The Development Committee's resolution establishes a Penn dual qualified entity in the U.K., enabling a donor who pays both U.S. and U.K. taxes to take a deduction from both. The External Affairs Committee reported that Penn had numerous positive news stories aired on television and in print, especially in daily newspapers last year and Wharton's communications efforts are particularly international in scope. The Center for Community Partnerships is approaching its tenth anniversary with 126 academically based community service courses which have been widely replicated in the U.S. and abroad. In response to the September 11 tragedy, the University used web sites, e-mail and voice broadcasts to quickly reach the Penn community including the 440 students studying abroad who were also e-mailed immediately to verify their safety.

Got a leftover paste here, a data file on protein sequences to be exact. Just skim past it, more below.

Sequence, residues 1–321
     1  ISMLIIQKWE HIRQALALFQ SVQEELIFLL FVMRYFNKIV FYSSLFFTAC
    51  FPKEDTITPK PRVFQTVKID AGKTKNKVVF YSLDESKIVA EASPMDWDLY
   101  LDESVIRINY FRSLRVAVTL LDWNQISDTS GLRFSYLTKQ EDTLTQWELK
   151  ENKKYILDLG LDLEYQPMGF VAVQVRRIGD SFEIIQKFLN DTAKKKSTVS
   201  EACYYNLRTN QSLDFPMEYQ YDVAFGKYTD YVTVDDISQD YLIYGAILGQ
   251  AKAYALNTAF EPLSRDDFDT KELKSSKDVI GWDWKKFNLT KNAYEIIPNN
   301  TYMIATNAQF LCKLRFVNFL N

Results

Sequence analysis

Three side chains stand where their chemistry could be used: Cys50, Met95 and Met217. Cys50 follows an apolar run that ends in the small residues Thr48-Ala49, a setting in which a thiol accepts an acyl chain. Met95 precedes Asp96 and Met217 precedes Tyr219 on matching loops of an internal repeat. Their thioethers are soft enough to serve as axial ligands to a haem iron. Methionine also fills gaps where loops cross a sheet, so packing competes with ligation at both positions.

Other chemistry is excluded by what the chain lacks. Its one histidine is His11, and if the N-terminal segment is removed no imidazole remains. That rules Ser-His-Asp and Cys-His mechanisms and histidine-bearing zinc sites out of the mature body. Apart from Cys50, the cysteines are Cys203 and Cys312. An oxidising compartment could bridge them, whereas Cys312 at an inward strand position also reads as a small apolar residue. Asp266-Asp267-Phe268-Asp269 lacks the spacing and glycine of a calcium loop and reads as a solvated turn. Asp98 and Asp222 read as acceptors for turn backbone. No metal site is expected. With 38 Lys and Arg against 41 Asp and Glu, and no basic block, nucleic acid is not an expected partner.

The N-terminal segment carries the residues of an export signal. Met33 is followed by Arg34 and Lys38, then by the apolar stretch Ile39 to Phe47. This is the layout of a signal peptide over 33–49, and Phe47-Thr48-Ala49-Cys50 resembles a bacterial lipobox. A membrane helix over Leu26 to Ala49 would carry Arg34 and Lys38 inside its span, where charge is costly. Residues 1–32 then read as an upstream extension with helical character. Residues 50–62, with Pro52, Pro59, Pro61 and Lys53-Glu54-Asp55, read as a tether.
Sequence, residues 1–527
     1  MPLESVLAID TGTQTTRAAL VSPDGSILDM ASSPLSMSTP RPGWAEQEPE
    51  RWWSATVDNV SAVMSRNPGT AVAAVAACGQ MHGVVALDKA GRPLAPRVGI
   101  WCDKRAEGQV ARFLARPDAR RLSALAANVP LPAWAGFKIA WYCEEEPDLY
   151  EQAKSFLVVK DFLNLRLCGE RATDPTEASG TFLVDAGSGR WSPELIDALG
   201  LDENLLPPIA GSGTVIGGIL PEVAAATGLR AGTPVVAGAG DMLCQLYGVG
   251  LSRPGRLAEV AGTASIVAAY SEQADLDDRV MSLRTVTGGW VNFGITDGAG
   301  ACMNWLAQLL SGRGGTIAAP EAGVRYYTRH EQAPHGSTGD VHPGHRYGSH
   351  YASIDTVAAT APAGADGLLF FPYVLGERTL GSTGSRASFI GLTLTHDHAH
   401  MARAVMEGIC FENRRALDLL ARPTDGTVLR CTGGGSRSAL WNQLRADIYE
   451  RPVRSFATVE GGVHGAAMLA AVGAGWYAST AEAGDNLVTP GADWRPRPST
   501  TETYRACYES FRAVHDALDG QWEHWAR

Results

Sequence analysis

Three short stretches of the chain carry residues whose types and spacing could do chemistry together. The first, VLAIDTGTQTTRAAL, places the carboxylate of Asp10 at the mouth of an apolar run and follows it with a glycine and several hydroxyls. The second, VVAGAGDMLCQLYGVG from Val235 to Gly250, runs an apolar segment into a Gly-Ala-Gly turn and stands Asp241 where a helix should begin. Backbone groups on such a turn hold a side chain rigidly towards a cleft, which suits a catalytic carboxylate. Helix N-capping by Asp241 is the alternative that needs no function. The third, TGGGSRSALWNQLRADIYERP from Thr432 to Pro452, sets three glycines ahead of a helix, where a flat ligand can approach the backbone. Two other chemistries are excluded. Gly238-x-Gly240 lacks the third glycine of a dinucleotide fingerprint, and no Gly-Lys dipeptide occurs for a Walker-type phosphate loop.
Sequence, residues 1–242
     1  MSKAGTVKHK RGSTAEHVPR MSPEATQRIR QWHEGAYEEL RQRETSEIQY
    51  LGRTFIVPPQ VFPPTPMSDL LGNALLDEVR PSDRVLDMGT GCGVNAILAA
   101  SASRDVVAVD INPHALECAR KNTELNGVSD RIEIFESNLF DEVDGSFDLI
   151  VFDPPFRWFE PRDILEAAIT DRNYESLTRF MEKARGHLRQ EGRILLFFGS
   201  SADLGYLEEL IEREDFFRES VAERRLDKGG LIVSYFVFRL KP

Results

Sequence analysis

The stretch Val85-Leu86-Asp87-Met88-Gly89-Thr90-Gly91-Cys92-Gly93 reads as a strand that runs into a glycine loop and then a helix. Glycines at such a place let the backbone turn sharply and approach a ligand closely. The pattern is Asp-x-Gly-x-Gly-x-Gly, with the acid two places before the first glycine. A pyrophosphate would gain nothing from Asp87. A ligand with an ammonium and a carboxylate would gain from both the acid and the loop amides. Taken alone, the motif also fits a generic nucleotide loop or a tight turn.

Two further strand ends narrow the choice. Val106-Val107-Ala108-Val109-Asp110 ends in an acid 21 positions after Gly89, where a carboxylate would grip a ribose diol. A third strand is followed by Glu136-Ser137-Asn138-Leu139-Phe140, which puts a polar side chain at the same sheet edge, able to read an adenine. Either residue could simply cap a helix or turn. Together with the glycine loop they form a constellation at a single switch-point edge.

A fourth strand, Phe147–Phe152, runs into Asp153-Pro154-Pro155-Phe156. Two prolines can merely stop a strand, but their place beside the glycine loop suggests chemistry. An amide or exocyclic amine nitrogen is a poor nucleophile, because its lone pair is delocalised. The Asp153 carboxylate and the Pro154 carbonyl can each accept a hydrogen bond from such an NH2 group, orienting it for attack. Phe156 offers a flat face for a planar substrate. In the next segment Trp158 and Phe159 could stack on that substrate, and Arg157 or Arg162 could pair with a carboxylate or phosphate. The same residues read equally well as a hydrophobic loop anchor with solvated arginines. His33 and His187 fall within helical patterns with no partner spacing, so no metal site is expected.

The Facilities and Campus Planning Committee reported that it is planning on developing an architecture subcommittee to develop guidelines and design standards for future campus buildings. The Hamilton Village high-rise renovation project is going to be done in phases over the next several summers as funding is available, with sprinklers getting priority. The long-abandoned Conrail building on Market between 31st and 32nd is being renovated by a developer; both Penn and Drexel are considering using it for interim swing space for student housing, although plans are not yet finalized. Construction for phase I of the Penn-assisted PreK-8 school is 40% complete and the new building is scheduled to open next September. There are now 75 students attending kindergarten and first grade in the school which is using the old Divinity School buildings.